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Open Range (2003) Directed by Kevin Costner

In Open Range, Costner is a simple cowpoke with a past, cut from the same bold of cloth was Owen Wister’s Virginian . His employer, Boss Spearman, in true Western fashion, doesn’t care about his past. The West was the second chance for many. Costner is Charlie Wait, who partnered up with Boss Spearman, played superbly by Robert Duvall, ten years before.

Duvall’s Spearman bears little resemblance to Captain Augustus McCrea of Lonesome Dove. The are completely different men. Like Gus, Spearman carries his pistol in a cross-draw hostler, but traded in his Walker Colt for a Remington 1875 Army Revolver. There the resembles ends ( All other characters carry a Colt Single Act Army).

Charlie Waite carries a Colt Cavalry Model with a 71/2 ” barrel.

Memo to prop department: In the period this is set, 1882, a Colt Peacemaker, the Single Action Army Colt, sold new for thirty dollars, a small fortune for most people and a months’s pay for a cowboy. There were plenty of earlier Colt models available; 1851 Colt Navy .36 caliber (Wild Bill’s weapon of choice), .44 caliber Walker and Dragoon Colts, 1860 Army Colts, many converted form cap and ball to metallic cartridges. Remington and Smith&Wesson both made fine single action revolvers. By 1882 double action revolvers like the Colt Thunderer (Billy the Kid’s preferred pistol) were common.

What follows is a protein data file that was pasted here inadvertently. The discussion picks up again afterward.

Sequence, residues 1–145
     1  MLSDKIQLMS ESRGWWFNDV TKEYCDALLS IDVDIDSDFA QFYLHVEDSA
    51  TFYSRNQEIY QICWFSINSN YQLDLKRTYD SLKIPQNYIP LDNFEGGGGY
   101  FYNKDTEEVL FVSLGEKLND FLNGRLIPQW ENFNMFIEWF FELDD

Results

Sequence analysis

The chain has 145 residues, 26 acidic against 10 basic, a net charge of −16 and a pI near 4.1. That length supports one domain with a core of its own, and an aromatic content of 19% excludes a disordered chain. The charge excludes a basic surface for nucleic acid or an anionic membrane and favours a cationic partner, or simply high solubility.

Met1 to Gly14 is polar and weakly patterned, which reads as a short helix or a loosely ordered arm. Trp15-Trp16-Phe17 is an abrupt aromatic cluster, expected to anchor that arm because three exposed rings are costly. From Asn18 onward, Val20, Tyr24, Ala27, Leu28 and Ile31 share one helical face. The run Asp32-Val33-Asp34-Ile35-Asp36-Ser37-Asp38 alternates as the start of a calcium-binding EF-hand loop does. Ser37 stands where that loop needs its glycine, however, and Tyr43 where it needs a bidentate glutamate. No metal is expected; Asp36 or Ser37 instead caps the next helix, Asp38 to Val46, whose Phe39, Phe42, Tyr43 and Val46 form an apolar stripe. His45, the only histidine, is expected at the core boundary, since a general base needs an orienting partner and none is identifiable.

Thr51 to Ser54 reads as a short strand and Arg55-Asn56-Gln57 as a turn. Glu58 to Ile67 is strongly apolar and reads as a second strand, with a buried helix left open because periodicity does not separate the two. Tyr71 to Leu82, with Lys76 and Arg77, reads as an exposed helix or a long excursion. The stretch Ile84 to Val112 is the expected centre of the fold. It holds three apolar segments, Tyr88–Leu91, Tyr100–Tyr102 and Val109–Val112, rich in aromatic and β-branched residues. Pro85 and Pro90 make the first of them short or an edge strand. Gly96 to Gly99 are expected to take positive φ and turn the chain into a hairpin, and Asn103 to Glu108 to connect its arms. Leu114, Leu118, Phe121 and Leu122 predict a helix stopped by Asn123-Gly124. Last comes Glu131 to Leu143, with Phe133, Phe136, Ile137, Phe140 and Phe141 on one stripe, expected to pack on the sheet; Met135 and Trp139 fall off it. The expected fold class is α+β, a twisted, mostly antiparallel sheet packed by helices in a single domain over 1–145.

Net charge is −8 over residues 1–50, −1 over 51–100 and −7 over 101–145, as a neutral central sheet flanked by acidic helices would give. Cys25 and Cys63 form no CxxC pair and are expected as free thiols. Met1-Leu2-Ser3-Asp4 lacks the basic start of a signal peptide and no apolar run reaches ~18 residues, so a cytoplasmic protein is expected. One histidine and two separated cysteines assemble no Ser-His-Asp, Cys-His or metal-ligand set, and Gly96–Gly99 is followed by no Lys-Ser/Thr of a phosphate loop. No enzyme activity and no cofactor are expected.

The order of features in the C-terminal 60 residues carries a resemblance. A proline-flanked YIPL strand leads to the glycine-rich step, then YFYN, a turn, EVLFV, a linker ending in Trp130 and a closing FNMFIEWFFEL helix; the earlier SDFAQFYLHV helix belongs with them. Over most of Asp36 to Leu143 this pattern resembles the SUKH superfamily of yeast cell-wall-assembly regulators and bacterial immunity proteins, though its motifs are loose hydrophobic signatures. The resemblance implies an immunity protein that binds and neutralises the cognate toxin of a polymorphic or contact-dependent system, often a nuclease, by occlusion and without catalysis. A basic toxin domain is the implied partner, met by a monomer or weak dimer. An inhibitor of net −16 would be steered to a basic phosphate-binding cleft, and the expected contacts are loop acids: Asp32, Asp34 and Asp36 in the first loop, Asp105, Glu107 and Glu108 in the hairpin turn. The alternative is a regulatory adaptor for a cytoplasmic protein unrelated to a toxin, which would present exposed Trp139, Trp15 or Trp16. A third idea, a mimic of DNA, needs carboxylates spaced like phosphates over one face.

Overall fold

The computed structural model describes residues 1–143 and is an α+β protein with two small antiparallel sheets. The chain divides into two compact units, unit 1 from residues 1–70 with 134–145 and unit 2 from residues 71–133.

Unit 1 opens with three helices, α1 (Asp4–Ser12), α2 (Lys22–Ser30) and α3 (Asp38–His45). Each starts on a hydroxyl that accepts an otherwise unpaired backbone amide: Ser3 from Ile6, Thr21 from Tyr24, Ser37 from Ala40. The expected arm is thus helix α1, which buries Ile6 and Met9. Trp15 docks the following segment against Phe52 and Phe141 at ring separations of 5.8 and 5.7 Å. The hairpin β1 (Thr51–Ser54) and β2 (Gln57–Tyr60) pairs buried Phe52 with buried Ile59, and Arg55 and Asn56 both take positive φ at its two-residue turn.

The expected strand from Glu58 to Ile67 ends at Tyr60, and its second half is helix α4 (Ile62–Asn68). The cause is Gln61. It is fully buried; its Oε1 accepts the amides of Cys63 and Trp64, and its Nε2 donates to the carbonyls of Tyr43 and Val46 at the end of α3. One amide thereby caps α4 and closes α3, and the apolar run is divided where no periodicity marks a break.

The only rifles seen are the Winchester Models ’66 and ’73, but no Henry rifles which were essentially a ’66 Winchester with a loading port and closed magazine. There should have been Sharps breach-loaders, their accuracy made them highly prized, and army trapdoor Springfield .45-70 breechloaders, the standard army issue. I know for a fact those guns are available at movie prop houses. Winchester’s, like Colt revolvers, were expensive.

But I am just being picky.

Boss Spearman, Charlie Waite, along with Mose, a gentle giant (Abraham Benrubi) and a young man they rescued from torment and starvation, Button (Diego Luna) drive a small herd of cattle following the grass across the American west. No ranch house, no barn, their only home is a wagon. Boss owns no land. Established ranchers consider them interlopers, taking the grass on public lands they consider their own. A slight variation on farmers vs cattlemen theme.